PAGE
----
For years, Essiac has been touted as an herbal anti-cancer remedy. It got a lot of publicity and press, and has become entrenched in the minds of the alternative health community.
It is used to a great extent, and some use it for dog cancer treatment. Let’s look at this a little closer.
Many are familiar with the old saying, “First, do no harm.” This is the translation of the original latin, primum non nocere. Some believe it to be part of the Hippocratic oath, but the saying probably was coined by a French doctor alive during the 1700’s and 1800’s.
When we are coping with a canine cancer diagnosis, primum non nocere takes on a whole new meaning, in particular in the realm of conventional care. Side effects are more concerning in cancer medicine than in almost any other branch of traditional medicine.
We must remember though that the so-called “natural” treatments also have side effects. This should be a critical aspect of selecting which are used, and how, and when.
When I was evaluating Apocaps, a big part of the development was safety. Regular blood tests were done investigating 28 dogs over time to make sure all the internal organs were healthy. This type of consideration is important for a loved family member.
Now, when making the choice to use an intervention, I am hoping that the reader will want information. Being your dog’s primary health advocate means that you are in the driver’s seat, that you must take an active role with your veterinarian or oncologist in creating a plan for your loved dog.
Now, at the risk of offending some, I feel that we should really look at the use of Essiac before charging into it. I have yet to see an “in vivo” study (in real life bodies, not in test tubes or petri dishes) that really show that Essiac does something real.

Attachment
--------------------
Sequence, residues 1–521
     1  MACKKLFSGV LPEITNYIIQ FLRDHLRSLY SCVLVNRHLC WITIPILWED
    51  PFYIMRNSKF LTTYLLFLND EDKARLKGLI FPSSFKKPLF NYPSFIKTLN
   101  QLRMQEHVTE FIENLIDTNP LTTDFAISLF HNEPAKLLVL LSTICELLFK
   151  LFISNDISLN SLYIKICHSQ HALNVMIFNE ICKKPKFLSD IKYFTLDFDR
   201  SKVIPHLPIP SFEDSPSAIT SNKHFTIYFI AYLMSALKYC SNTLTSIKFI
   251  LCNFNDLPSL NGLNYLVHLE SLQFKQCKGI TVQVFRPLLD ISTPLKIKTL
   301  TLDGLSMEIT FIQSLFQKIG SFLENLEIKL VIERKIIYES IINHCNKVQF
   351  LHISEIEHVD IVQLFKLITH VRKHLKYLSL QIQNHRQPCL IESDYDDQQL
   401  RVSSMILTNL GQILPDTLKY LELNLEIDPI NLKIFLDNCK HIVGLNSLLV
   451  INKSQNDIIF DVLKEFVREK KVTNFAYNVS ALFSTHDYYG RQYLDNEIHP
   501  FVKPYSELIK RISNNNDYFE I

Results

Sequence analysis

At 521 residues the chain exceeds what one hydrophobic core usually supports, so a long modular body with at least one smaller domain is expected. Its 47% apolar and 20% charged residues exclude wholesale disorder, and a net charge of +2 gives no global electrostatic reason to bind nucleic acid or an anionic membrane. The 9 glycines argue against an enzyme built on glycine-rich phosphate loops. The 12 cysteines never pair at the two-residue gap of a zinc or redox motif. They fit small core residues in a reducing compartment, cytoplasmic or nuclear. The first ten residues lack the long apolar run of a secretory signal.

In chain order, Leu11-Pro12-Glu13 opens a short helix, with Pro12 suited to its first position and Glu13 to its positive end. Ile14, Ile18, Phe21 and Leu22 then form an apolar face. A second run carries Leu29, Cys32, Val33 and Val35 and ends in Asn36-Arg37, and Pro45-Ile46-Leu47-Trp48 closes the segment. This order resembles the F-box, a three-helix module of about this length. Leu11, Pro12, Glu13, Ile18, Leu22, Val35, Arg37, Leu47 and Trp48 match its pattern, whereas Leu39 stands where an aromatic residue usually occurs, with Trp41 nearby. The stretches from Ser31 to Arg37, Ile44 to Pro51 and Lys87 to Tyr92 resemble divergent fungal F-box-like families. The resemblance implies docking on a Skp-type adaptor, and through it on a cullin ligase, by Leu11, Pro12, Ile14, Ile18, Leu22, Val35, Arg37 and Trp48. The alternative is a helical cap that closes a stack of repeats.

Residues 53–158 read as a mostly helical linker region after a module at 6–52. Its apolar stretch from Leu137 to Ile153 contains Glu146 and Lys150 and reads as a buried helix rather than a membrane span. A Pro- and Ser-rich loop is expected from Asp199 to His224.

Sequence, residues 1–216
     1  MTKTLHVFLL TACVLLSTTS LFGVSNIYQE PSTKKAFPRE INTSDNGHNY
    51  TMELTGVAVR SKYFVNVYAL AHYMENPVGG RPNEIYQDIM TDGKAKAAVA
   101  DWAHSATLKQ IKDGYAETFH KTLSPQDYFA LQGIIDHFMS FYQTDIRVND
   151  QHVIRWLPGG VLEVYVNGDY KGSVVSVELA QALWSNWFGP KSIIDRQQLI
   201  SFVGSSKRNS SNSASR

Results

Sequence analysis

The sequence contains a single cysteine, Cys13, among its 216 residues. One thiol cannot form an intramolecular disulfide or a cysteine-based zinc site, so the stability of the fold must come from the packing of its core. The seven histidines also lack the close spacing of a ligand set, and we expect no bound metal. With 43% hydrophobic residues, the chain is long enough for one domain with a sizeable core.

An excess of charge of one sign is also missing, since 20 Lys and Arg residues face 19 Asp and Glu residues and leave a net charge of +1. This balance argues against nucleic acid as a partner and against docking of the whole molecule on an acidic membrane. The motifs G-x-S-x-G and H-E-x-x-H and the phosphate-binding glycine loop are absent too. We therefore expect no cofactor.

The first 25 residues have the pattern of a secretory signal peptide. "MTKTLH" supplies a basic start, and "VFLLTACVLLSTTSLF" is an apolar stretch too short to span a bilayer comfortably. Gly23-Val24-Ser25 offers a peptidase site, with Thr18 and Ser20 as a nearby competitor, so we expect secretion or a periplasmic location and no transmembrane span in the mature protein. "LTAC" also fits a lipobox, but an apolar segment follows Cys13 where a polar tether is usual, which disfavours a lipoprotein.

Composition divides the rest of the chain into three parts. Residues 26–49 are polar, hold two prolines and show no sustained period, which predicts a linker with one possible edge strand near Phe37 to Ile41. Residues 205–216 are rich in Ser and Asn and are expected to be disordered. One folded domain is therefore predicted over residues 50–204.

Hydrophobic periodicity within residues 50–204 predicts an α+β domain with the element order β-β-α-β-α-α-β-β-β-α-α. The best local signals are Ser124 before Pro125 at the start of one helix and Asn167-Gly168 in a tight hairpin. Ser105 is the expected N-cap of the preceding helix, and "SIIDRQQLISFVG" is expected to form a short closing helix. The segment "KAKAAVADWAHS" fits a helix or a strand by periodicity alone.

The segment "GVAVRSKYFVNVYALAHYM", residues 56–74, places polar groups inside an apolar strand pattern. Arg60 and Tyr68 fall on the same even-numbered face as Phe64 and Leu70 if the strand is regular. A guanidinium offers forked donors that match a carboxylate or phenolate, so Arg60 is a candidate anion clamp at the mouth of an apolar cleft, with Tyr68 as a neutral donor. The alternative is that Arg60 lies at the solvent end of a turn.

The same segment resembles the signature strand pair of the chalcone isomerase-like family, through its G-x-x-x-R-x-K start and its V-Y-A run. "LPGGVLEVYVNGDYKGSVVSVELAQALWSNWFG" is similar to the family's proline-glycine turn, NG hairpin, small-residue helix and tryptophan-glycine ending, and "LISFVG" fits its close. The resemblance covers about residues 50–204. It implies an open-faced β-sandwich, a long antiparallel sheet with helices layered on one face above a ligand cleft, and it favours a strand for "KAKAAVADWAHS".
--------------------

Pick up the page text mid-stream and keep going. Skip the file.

Okay, I will admit that not everything that works has an official clinical trial to back it up. But what if there is a published study suggesting it may do harm?
This is the case with Essiac. There is actually a study in rats that suggests that Essiac may literally increase the risk (promote growth) of breast cancer. Here is the abstract for you to read yourself.
Ouch! This is not what I would reach for in treating a dog with cancer, personally speaking. It just gives me the heebie jeebies that this data exists. Seriously, it is like giving an antibiotic that may actually be a capsule with germs in it. Granted, I am sure there are many examples where the patient did not have tumor growth, but non the less I would not want to risk worsening anything without clear, definite advantages to the choice.
So that’s the scoop on Essiac for now. For more information on aspects like this, check out the Dog Cancer Survival Guide.
Dr. Demian Dressler is internationally recognized as “the dog cancer vet” because of his innovations in the field of dog cancer management, and the popularity of his blog here at Dog Cancer Blog. The owner of South Shore Veterinary Care, a full-service veterinary hospital in Maui, Hawaii, Dr. Dressler studied Animal Physiology and received a Bachelor of Science degree from the University of California at Davis before earning his Doctorate in Veterinary Medicine from Cornell University. After practicing at Killewald Animal Hospital in Amherst, New York, he returned to his home state, Hawaii, to practice at the East Honolulu Pet Hospital before heading home to Maui to open his own hospital. Dr. Dressler consults both dog lovers and veterinary professionals, and is sought after as a speaker on topics ranging from the links between lifestyle choices and disease, nutrition and cancer, and animal ethics. His television appearances include “Ask the Vet” segments on local news programs. He is the author of The Dog Cancer Survival Guide: Full Spectrum Treatments to Optimize Your Dog’s Life Quality and Longevity. He is a member of the American Veterinary Medical Association, the Hawaii Veterinary Medical Association, the American Association of Avian Veterinarians, the National Animal Supplement Council and CORE (Comparative Orthopedic Research Evaluation). He is also an advisory board member for Pacific Primate Sanctuary.